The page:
By the 1970s capitalism was again beginning to fail. Most of us didn’t realise it because just like the elite of the sixteenth century holding on to their feudal power, our  ‘global’ elite began selling us the idea that all’s well in the global economy by creating the global  ‘free market’. This approach enables them to hang onto their power. The so-called left-wing assist, acting like useful idiots using the new religion of ‘identity and diversity’ which differentiates the working class and sows class oppression and class confusion. So within the framework of capitalist rights and free market muddle have we got to the point of a third and probably final popular uprising or revolution?

Capitalism needs both the supply of goods and just as importantly the demand for them. Henry Ford paid his workers’ good wages and gave them time off so they could not only afford to buy a car…..they had time to drive it for leisure. Today we have broken this link between productive workers and consumers. We have out of the ashes of a broken capitalist system turned to debt to create the demand for products which as we consume them, make our global elite very rich but the debt both government and personal makes us poor. This is for us the first whammy. We pay with debt for a system that makes a political and economic elite rich.

In our globalised world our global elite doesn’t pay tax and moreover, they don’t employ many people. Those they do employ are on low wages, work in oppressive countries or at home their jobs are often subsidized by our governments and that means the taxpayer foots the bill. This is the second whammy.

The third and final whammy is that our whole debt based political and legal system is now very expensive having grown in size and scale since the end of the second world war. Now, of course, we ordinary workers have to pay for it.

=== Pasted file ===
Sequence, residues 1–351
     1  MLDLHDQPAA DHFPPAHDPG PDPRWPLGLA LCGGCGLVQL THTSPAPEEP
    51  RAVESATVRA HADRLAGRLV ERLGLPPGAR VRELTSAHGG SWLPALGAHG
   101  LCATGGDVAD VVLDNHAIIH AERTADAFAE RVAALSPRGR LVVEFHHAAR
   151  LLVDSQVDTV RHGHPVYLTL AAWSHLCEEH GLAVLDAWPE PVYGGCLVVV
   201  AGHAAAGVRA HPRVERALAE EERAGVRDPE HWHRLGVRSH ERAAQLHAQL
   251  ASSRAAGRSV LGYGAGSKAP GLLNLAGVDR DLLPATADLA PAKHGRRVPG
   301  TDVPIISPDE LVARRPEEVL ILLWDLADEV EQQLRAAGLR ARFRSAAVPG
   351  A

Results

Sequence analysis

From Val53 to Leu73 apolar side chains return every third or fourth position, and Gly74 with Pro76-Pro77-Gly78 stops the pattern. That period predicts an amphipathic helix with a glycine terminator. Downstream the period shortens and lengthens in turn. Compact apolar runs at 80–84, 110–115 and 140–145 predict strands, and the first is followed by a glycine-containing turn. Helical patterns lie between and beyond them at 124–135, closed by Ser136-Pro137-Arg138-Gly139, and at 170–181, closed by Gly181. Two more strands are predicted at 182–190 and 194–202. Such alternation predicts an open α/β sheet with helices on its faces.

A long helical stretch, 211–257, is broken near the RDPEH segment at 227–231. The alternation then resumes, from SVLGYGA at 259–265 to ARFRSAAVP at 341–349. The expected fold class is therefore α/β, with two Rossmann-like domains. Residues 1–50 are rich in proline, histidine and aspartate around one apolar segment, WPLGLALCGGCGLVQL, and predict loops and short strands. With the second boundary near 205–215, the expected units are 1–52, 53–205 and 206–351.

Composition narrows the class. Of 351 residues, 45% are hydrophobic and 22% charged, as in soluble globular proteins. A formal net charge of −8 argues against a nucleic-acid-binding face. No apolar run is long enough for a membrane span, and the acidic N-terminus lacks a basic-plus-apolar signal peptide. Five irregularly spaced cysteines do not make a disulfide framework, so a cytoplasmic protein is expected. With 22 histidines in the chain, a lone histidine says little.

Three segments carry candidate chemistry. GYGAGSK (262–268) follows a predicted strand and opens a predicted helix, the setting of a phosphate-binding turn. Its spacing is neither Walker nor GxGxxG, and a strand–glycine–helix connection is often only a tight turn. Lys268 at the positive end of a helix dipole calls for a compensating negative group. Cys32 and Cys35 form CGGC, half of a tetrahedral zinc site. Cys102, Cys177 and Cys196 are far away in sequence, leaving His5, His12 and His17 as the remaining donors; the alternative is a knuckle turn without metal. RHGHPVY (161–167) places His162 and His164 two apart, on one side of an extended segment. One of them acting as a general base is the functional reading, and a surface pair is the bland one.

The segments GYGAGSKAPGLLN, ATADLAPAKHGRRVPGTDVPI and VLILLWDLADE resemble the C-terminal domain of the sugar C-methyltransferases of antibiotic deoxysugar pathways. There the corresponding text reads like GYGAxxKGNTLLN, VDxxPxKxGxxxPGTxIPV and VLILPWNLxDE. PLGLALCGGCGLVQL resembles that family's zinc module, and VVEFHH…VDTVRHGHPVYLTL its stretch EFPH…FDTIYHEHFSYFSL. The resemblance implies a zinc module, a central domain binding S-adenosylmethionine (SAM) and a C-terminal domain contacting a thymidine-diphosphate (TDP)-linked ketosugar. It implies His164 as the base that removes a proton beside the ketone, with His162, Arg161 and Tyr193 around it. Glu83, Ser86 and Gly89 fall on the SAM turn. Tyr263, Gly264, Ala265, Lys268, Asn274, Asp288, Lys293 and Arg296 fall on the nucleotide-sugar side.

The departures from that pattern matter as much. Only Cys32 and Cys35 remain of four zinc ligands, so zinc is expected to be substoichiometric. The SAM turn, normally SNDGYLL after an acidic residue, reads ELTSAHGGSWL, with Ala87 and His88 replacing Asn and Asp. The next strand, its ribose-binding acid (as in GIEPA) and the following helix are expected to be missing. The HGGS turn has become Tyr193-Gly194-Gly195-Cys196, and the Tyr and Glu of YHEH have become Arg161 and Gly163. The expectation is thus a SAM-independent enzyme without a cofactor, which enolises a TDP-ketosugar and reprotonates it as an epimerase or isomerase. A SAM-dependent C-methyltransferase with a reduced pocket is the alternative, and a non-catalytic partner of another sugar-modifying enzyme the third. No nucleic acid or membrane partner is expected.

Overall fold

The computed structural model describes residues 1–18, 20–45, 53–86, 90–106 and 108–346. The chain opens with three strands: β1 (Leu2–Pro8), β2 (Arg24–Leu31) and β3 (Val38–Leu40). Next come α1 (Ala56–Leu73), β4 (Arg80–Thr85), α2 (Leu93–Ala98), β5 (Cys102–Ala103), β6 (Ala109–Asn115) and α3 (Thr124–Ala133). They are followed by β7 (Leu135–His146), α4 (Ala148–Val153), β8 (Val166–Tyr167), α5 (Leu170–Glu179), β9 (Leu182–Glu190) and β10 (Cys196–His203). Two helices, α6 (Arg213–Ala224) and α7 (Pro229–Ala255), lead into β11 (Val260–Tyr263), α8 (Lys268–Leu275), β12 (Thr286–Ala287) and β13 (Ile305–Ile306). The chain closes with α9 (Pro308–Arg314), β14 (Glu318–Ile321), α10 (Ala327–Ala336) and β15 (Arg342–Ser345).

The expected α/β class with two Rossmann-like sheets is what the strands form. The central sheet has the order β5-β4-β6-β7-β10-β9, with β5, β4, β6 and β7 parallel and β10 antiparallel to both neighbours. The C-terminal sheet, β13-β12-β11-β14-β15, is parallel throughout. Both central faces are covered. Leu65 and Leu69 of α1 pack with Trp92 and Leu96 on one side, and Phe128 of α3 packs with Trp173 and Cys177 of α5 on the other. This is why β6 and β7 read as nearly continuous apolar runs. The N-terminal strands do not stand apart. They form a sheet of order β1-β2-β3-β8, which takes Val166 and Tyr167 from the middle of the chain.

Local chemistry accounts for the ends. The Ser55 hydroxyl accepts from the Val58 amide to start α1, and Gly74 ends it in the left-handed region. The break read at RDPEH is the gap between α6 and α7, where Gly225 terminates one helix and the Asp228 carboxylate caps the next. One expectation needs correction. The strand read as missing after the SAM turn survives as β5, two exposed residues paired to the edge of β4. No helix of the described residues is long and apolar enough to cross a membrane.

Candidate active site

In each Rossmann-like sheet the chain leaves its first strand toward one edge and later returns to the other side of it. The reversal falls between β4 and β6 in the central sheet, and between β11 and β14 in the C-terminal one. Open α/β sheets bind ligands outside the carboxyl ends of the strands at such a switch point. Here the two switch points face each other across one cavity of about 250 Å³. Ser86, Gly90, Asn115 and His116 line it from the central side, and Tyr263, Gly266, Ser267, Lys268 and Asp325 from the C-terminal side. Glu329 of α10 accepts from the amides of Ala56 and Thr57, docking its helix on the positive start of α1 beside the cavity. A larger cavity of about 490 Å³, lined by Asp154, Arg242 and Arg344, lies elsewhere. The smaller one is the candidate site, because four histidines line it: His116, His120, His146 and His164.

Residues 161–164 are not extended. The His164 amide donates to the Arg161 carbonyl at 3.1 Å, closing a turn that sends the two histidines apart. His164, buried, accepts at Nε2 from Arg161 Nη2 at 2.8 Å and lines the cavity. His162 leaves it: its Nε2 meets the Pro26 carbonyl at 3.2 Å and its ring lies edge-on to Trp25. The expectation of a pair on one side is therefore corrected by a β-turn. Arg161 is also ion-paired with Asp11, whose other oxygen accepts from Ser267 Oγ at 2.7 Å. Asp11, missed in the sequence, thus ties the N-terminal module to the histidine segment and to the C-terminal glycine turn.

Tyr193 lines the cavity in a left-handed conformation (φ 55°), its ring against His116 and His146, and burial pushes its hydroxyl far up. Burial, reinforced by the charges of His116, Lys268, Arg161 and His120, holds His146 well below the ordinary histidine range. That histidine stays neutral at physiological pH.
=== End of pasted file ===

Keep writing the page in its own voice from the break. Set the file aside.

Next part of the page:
So, what does this mean? It means we need another revolution. Revolution number three. A revolution based on working peoples twenty-first-century global economic realities. So in summary we have populism because:

  • The political and economic system is more expensive than it has ever been but now ordinary workers, rather than the elite pay for it.
  • Governments encourage debt to maintain the illusion that the economy works. It doesn’t, no economy can rely on debt and welfare forever.
  • Working people’s voices have become excluded from political debate due to the end of open politics. Our current economic system has no money to distribute so left-wing politics is irrelevant and the capitalist system is now a bankrupt free-market relying on worker serviced private and government debt, so right-wing politics is irrelevant- we no longer need to debate this stuff we need a revolution!
  • To preserve the rights, we gained with capitalism the right to contract, choose and consent, we need to ensure the free market survives. But that free markets survival can’t be based on debt. We need to shrink the bloated, unaccountable undemocratic and expensive state and give workers more time and more money to run our nation on our behalf. This is not socialism. This is not the power of the state controlling our lives but our lives controlling the state.

Is this revolution a long way off?

As working people, we are still holding out for a hero a Nigel Farage or Donald Trump? Or we are holding out for a political ‘party’ to save us. In France, they thought it was Macron! Any person or party which has to fit into our 18th-century political system will fail.

The system within which our heroes and parties operate is broken just like the economy. We need a new system that promotes our western values but doesn’t rely on the past political system to deliver our future. We need a revolution, a peoples revolution, a revolution of the independently minded blue collar worker. A Blue Revolution to bring religion to heel, promote equality, control top public sector wages, make corporations pay tax on national earnings, give workers more money and time and shrink the state so we can afford to live in it.

That is the workers challenge for the twenty first century.